Fair Warning Before Rx Price Increases?

State Bill Would Require Pharmaceutical Companies to Give 60-Day Notice

Paul Wellman (file)

Both of Santa Barbara’s representatives in the statehouse expressed support ​— ​albeit qualified ​— ​for a bill that would require pharmaceutical companies to announce 60 days in advance significant price increases for prescription drugs. Both State Senator Hannah-Beth Jackson and State Assemblymember Monique Limón have voted for Sentate Bill 17, authored by State Senator Ed Hernandez, an Azusa Democrat with aspirations to become lieutenant governor.

Both described the bill as a good first step, but both questioned how much real impact it would have on keeping pharmaceutical prices in check. “This is a very modest bill, but the insurance industry is fighting it tooth and nail,” said Jackson. “I wish it were stronger, but even in its modesty, it will make a difference.” Limón likewise commented she wasn’t sure there was evidence the bill “would” make a difference on prices, but she said “the evidence is there that it might.”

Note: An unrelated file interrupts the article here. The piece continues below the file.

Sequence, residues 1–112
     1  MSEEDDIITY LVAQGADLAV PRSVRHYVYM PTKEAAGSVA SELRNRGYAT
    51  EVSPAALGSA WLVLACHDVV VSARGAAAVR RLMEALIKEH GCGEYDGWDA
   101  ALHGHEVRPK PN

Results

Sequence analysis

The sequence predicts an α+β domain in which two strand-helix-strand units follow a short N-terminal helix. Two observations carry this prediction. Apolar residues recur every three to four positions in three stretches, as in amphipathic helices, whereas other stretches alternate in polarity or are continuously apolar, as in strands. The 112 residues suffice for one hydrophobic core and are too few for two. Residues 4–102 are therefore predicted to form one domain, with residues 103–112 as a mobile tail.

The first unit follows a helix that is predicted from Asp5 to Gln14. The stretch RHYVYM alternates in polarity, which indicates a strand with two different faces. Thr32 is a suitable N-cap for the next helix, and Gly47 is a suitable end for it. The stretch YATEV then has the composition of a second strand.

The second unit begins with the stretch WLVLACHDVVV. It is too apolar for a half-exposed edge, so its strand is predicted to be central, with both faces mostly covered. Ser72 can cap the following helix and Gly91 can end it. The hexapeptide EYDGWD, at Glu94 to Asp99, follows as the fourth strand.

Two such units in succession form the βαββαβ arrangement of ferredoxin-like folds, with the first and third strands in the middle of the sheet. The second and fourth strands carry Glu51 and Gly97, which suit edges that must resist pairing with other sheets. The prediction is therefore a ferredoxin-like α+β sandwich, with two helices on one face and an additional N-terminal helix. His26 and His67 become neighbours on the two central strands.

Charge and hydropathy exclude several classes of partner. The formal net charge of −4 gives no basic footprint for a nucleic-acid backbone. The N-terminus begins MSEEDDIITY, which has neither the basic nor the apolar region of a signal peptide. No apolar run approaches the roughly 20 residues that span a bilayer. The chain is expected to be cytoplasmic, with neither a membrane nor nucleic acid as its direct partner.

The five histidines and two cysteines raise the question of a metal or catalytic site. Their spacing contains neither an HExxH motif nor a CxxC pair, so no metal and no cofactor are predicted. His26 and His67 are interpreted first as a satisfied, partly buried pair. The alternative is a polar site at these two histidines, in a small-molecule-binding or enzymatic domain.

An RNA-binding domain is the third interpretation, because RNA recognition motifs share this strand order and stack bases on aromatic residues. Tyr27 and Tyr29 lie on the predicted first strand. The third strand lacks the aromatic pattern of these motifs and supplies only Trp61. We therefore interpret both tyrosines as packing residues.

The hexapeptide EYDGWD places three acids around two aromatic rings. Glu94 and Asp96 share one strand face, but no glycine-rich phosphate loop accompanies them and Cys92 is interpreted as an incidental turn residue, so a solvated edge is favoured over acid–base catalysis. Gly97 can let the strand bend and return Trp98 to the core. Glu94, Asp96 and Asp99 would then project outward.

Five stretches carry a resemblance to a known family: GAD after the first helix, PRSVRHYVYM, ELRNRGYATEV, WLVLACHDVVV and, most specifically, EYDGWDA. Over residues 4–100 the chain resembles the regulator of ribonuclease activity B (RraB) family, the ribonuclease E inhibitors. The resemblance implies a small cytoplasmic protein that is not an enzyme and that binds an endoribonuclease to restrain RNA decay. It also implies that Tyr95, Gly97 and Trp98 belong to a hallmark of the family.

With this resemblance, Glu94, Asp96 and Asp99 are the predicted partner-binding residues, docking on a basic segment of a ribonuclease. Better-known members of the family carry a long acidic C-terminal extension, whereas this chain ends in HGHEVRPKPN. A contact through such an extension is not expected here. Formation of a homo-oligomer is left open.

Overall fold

If signed into law, the bill would require pharmaceutical companies to announce in advance any price increases in excess of 10 percent over two years. This information, Limón said, could be helpful for insurance providers in negotiations with drug manufacturers. The public would not have direct access to this information, she said. Instead, the public would have access to an annual report that listed the impact of price increases in the aggregate, not for individual formulations.

Hernandez’s bill has been fueled by national spikes in pharmaceutical revenues of 12.4 percent and 9 percent in 2014 and 2015, respectively, not to mention a 535 percent spike in the price of EpiPen ​— ​medication crucial to those experiencing severe allergic shock ​— ​between 2007 and 2014. Pharmaceutical representatives claim the bill is the legislative equivalent of industry “shaming” and have objected that the prices listed for prescription drugs often have little to do with the discounted prices insurance providers actually pay.


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